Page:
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In 20 years, I think we’ll find life: Seth Shostak
Seth Shostak is the senior astronomer at Search for Extra Terrestrial Intelligence (SETI) Institute in California. Besides a PhD in astrophysics, and experience at working in various astronomical observation institutions in the Netherlands and US, Seth is a great science populariser having written over 400 articles, made films and TV shows, and written scripts. He has also co-authored a text book on astrobiology.
What is the possibility of life existing anywhere in the Universe, besides the Earth?
Obviously, we don't know, as we haven't found any yet. But what we do know is that the majority of stars have planets, which means that there are approximately a trillion planets orbiting stars in our galaxy. If even only one in a million of these planets has life, that's still a million inhabited worlds in the Milky Way.
And, what about the solar system?
There are at least a halfdozen other worlds in our solar system that might have liquids either on or beneath their surface, and therefore could have spawned some biology. These include three moons of Jupiter (Europa, Ganymede and Callisto), two moons of Saturn (Titan and Enceladus ), and of course Mars. Finding life on any of these worlds, assuming it exists, is something we could do with robotic landers -but such missions are expensive.
How do scientists search for life - what exactly are they looking for?
This is not an easy thing to do, as microbial life - particularly if it's no longer extant - can be hard to find. But the best tests are chemical - looking for the compounds that only life makes, such as nucleic acids (think DNA), proteins, or lipids. Lipids are fatty compounds that microbes use to make cell walls. If alien life is built anything like life on Earth, it might use lipids as well.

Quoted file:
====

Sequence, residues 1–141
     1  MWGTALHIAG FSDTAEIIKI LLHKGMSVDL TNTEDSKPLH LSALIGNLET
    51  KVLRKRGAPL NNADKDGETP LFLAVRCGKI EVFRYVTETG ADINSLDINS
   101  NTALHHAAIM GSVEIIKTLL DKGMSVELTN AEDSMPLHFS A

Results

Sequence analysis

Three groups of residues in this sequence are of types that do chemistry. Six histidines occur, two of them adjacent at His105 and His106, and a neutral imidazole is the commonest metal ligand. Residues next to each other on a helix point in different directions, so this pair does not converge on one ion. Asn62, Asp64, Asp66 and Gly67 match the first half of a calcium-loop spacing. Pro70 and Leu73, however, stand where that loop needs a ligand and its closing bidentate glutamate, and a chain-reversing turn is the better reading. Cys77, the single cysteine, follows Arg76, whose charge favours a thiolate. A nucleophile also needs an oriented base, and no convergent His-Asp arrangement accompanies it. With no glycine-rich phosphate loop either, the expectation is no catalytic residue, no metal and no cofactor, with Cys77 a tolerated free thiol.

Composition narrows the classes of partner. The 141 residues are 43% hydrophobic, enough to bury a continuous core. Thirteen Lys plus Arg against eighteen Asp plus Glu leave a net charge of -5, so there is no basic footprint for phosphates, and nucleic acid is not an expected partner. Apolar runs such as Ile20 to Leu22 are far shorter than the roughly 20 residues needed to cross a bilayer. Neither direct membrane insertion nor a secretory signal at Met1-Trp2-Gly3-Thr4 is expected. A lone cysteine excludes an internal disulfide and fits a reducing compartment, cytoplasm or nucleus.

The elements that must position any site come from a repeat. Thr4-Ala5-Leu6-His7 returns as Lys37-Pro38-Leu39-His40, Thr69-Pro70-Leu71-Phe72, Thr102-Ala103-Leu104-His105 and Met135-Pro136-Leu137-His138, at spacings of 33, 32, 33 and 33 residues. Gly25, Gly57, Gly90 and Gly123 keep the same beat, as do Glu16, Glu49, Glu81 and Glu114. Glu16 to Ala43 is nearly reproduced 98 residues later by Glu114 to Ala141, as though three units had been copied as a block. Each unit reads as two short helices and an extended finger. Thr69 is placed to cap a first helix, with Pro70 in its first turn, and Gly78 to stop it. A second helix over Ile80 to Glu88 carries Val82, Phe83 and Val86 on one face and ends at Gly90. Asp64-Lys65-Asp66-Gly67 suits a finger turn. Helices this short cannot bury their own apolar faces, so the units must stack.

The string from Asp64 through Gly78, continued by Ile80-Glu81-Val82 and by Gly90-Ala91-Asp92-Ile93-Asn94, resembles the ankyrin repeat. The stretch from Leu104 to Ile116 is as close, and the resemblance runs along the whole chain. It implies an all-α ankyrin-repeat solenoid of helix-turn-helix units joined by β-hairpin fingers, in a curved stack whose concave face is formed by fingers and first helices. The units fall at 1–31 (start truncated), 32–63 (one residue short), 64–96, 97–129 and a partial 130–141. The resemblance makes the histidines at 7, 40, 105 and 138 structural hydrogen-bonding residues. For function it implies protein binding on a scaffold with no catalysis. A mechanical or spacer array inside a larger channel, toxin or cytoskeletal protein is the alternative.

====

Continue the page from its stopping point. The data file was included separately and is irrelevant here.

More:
Isn't it possible that life may exist in a completely different form based on a totally different chemistry?
We tend to look for analogs to terrestrial life because - at least in that case - we know what to look for. Of course it's possible that there are entirely different chemical schemes for life (although not many have been thought of), but we can't easily search for phenomena that we don't understand.
Suppose we find some form of life on, say, Enceladus. What will it mean in terms of our understanding of the solar system, the Universe, life and its evolution on Earth, the future of space exploration, etc. ?
The implications of finding life on Enceladus would be different from finding it on Mars. The latter might be life that was related to our own, earthly biology, thanks to the exchange of rocks early in the history of the solar system. Any life found on Enceladus would surely be part of an independent evolution of life. That would tell us that life is not a miracle, but a common feature of the cosmos.
Is there any danger of hostile contamination from extra terrestrial life after such missions as the Curiosity Lander?
There's always some danger, and NASA does have an office of planetary protection to deal with this. However, most biologists agree that the danger of a hostile life form from Mars, for instance, is very remote. It would not have spent four billion years adapting to life on Earth and the organisms that exist here.
Some people say that Nasa is facing a huge budget crunch and so it is overhyping all this business of finding life within the solar system. Is that view correct?
I don't agree with this. The public is interested in life more than just about any other solar system question. The emphasis on biology elsewhere is largely the consequence of finding lakes on Titan, geysers on Enceladus, and evidence for past water on Mars.
Finally, what is your personal prediction - when will we find life elsewhere, and most likely where?
Within twenty years, I think we'll find life on some other body of our solar system - either Mars, or a moon of Jupiter.
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